While a growing number of industries are working to eliminate waste globally, two in particular — which happen to be two of the world’s biggest culprits where waste is concerned — also have me feeling particularly inspired.
There’s been a dizzying amount of activity, especially in the past year, from companies seizing the myriad business opportunities inherent in eliminating waste from their operations — either by redesigning products and processes or finding new life for existing products post-use — laying the groundwork essential for building a global circular economy.
While a growing number of industries are joining the party, two in particular — which happen to be two of the world’s biggest culprits where waste is concerned — also have me feeling particularly inspired.
Plastics and packaging*
Dozens of the world’s household-name brands (and/or their parent companies) have joined forces and are now signed on to at least one — if not multiple — coalitions, task forces or partnerships of some kind, dedicated to eliminating the glut of plastic clogging up our landfills and oceans.
Many of the initiatives revolve around extended producer responsibility — companies finally holding themselves accountable for their packaging waste in a variety of ways.
Cleaning up our mess
In late 2017, Lonely Whale — along with Dell, General Motors, Interface, Humanscale, Bureo and Herman Miller, to name a few — launched NextWave Plastics, a group developing a sustainable economic model and global supply chain for ocean-bound plastics. Since then, the Ellen MacArthur Foundation’s New Plastics Economy Global Commitment has rallied over 250 signatories, including companies representing 20 percent of all plastic packaging produced globally and over 70 well-known consumer brands — the coalition’s goal is for all plastic packaging to be 100 percent reusable, recyclable or compostable; and to eliminate unnecessary plastic packaging through redesign, innovation and new delivery models. Along with the chemical industry’s Alliance to End Plastic Waste and Quantis’ Global Plastics Leak Project (which will create a guide that any company can use to locate plastic leakage along its value chain), the number of engaged companies, the number of tools and solutions promised, and the funding directed at the cause (over $1.2 billion) has skyrocketed. These initiatives have a lot of overlapping players, but those players have some of the biggest product — and therefore, packaging — footprints in the world.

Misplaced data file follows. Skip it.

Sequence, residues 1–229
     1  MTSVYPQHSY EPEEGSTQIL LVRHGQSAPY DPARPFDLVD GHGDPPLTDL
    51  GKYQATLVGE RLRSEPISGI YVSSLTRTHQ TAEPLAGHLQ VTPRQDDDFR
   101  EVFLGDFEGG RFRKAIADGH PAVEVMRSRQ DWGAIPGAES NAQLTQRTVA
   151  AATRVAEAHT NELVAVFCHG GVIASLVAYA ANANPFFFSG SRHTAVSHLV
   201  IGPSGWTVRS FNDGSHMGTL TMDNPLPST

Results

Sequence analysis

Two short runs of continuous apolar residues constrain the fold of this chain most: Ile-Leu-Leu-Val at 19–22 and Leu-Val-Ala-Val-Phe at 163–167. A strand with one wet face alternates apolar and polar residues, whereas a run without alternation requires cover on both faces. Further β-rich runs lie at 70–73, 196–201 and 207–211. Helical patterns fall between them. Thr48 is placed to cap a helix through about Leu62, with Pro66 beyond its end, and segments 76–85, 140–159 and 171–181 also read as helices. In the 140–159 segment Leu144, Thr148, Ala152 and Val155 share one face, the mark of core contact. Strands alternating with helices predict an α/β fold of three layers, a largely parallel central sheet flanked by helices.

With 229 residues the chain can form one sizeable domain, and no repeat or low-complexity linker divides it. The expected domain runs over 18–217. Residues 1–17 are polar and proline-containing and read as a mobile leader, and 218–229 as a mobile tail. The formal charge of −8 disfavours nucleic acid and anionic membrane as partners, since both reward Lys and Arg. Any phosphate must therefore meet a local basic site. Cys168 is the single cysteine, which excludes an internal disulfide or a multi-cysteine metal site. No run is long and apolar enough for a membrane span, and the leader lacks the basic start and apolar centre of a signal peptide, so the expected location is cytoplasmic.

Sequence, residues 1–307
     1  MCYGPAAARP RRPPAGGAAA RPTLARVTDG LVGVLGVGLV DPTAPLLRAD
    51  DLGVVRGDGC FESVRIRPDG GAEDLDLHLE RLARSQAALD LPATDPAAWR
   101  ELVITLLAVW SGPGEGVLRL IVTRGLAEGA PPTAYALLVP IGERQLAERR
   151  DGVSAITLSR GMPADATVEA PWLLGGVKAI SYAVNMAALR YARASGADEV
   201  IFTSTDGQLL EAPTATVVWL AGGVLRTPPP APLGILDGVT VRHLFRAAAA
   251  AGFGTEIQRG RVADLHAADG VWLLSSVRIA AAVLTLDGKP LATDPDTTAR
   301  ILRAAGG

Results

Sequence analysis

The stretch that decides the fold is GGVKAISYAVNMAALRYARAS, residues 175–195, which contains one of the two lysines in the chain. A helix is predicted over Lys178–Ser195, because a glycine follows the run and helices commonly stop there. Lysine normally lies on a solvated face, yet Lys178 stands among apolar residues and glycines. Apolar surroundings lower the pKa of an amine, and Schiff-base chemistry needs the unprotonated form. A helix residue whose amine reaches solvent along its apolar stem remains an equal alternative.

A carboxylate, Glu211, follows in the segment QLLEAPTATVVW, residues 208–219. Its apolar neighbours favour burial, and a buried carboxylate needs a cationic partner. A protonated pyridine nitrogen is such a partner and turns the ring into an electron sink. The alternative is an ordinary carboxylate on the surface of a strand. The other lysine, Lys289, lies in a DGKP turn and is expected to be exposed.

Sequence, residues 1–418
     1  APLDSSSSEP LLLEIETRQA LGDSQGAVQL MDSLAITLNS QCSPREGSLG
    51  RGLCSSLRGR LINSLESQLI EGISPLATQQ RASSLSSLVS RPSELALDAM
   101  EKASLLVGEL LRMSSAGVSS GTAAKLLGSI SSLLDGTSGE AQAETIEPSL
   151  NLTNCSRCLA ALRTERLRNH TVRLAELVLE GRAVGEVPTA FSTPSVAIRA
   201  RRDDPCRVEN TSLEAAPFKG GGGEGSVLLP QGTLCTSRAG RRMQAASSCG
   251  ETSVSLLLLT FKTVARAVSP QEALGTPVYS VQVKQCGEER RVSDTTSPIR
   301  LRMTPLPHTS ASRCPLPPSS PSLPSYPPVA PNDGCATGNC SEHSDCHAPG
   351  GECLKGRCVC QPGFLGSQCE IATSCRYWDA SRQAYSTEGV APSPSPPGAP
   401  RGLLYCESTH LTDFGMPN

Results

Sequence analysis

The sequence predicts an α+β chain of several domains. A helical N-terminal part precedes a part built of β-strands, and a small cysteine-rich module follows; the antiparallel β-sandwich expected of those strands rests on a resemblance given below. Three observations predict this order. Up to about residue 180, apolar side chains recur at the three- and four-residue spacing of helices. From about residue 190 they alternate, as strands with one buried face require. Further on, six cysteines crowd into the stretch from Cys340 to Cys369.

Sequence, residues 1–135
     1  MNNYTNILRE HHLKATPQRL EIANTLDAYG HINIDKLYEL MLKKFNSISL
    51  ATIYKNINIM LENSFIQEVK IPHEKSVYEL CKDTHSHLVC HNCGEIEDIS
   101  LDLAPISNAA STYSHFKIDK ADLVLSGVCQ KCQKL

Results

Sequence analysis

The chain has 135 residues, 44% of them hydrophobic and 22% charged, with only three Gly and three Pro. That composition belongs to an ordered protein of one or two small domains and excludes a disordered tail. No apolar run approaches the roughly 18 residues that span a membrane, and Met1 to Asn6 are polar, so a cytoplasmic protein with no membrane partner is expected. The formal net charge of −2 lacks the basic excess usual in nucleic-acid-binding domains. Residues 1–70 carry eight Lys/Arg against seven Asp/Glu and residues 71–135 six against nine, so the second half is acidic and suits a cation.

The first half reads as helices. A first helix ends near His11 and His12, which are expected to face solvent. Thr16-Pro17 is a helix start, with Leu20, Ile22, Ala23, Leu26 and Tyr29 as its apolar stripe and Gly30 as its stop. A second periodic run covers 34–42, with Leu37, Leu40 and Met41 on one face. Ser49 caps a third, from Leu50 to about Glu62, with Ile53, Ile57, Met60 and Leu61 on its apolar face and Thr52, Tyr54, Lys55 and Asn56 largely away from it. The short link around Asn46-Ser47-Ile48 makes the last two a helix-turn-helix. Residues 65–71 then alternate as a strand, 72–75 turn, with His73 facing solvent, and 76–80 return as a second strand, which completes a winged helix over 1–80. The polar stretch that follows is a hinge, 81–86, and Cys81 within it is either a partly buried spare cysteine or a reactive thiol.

A new model for CPG packaging
One of my favorite new initiatives to date is Loop, an online shopping platform through which dozens of trusted brands — including The Body Shop, Clorox, Danone, Nestlé, P&G and Unilever — ditch plastic packaging for hundreds of their most popular consumer products, in favor of customized, brand-specific, durable packaging that is collected, cleaned, refilled and reused. Launched in January by TerraCycle, pilots are planned this year in the UK, Paris and the northeastern US — with any luck, the model will succeed and continue to proliferate.